Karl LaPorta
    Founder RMHF

    • Mr. LaPorta, with all due respect, it’s clear from my letter that I was not raising the issue of why one performer was inducted and another was not. That’s far too subjective a question to interest me. Which is why I’ve never bothered to nominate a performer.

      The question I DID raise was why has the Hall of Fame inducted one, and ONLY one set of Performances in it’s 12 year history. (And to a lesser extent, why only two music venues.) No one, least of all I, has disputed the reputation of Miss Lind. So we needn’t bother with her press clippings. But having established the category of Performances (or “events” as you called it) in 2011, the Hall of Fame board then simply walked away. I’d like to know why.

      As an FYI, a year or two ago, when I tried to track down board members to ask about this situation, and received no replies, I of course sent a message to the Hall’s general e-mail address. With the same result.

      I’d be pleased to sit down with you folks…..if I knew how to get in touch with you.

      • Mr. Nighan,
        I really don’t understand your unrelenting focus on this issue for years. Maybe you should give the RMHF some credit for the good work they do. There are hundreds of nominees who were sent in by the public who have the credentials for induction. We have nominees who have been nominated many times. One has been nominated over 900 times. Through it all we still try and balance things. So if it isn’t you there are others who will take the time to pick apart the RMHF. So we’ll wait for your next criticism of the RMHF which is I believe you are the only one critical of lack of performances and continue to work hard to give the cast majority of our community something they can be proud of.

      • Mr. Nighan,

        There are a few things I left out of my last post. After the induction ceremony please go to our website and leave a message. I will then contact you and we can maybe get together for coffee. I know that you have talked to Bill Hunt who was a RMHF board member and I believe I responded to you years ago. Although I’m not clear on exactly when I believe it wasn’t long after our first induction ceremony unless I’m thinking of someone else. I can also address in greater depth your questions rather than writing a longer post.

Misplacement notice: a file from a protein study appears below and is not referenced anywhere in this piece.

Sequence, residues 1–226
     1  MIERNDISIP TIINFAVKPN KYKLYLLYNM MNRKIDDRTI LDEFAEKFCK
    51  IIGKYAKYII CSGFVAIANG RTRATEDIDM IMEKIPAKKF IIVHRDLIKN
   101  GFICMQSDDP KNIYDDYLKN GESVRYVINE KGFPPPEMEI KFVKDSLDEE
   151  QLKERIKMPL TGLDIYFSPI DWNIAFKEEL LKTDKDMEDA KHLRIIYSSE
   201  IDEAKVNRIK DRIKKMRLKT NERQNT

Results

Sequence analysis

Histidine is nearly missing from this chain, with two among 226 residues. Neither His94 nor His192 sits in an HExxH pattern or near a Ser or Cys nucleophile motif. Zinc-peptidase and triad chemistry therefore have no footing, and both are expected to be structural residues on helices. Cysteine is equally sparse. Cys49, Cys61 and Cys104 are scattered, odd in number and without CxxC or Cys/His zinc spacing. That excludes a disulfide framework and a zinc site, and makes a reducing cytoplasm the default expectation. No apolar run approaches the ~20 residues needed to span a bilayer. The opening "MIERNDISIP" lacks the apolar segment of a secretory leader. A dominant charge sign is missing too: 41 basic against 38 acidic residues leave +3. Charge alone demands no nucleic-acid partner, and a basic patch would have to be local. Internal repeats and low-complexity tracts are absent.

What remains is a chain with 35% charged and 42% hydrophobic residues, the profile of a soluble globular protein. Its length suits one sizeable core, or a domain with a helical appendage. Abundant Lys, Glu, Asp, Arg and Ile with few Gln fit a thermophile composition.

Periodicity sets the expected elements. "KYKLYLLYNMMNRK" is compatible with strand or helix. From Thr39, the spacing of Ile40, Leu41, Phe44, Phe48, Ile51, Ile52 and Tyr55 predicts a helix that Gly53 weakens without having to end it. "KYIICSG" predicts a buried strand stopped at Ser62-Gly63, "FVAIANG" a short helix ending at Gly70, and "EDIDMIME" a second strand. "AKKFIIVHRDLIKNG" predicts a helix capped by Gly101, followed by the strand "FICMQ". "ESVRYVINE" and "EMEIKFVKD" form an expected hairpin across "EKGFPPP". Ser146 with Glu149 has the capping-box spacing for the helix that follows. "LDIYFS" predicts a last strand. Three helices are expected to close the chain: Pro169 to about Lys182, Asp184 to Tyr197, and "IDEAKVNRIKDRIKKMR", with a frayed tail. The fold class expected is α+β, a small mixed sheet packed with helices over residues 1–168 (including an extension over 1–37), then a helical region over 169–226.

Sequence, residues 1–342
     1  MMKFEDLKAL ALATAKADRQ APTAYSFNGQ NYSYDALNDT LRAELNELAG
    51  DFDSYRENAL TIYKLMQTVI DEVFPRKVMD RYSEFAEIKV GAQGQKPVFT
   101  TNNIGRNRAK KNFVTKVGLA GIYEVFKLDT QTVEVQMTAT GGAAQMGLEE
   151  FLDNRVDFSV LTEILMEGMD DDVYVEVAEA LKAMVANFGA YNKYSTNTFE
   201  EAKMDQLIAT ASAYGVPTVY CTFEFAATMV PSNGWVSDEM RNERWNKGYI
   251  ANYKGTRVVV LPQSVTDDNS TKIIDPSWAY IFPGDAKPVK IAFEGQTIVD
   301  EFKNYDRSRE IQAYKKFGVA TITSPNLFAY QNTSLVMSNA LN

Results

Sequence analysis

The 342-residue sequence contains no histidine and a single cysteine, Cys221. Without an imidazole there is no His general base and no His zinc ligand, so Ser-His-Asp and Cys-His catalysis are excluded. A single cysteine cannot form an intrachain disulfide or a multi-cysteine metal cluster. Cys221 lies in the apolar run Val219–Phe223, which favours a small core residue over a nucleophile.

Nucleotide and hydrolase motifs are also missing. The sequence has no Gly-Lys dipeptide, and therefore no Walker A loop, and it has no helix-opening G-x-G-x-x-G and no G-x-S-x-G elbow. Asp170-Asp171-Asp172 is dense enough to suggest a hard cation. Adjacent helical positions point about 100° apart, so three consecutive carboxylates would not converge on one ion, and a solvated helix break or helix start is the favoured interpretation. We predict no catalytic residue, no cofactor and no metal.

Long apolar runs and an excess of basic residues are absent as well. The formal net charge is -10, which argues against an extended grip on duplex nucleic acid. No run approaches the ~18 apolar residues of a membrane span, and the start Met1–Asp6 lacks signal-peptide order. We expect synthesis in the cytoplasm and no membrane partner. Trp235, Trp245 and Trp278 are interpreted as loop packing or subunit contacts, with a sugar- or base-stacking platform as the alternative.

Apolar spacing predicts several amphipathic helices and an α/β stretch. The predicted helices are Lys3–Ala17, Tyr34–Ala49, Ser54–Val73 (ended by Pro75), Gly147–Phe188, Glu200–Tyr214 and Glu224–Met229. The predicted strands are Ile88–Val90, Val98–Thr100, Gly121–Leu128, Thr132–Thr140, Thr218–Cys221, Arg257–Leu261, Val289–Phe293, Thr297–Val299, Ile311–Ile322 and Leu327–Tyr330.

4. All I can say in response to Michael Nighan’s letter about the Rochester Music Hall of Fame is: “get in line.” Every music lover in Rochester has strong opinions about what/who the RMHF should be honoring and — as someone who is friends with several people on the board — I know they’re not quiet about airing them. Forget making everyone happy all the time; the RMHF board members have become a favorite target for complaints. However, they are not blameless. One of the major problems that the organization has always faced is its annual Induction Ceremony in Kodak Hall at Eastman Theatre. In order to support having their show in that large, prestigious venue, the board is forced to consider carefully what performers will sell tickets (or how they can pair the inductees with performers who will draw). Another huge, related problem is that the RMHF does very little fundraising (especially submitting for grants) — although it is a non-profit — and is all volunteer. “Well, we do the best we can” is not really a viable tagline. Virtually every arts organization everywhere is a non-profit with a volunteer board. Additionally, as Mr. Nighan points out and I’ve read and heard many times, community input is often met with crickets. This is likely related to a zero-staffing issue (due to lack of funding) but — again — every arts organization has to figure out how to raise money so that it can fulfill its mission and serve its constituents in a responsible way. The RMHF seems to revel in having a high profile while not really facing its challenges. It’s still pretty young, though — founded in 2009 — and there are so many of us who want to see it succeed.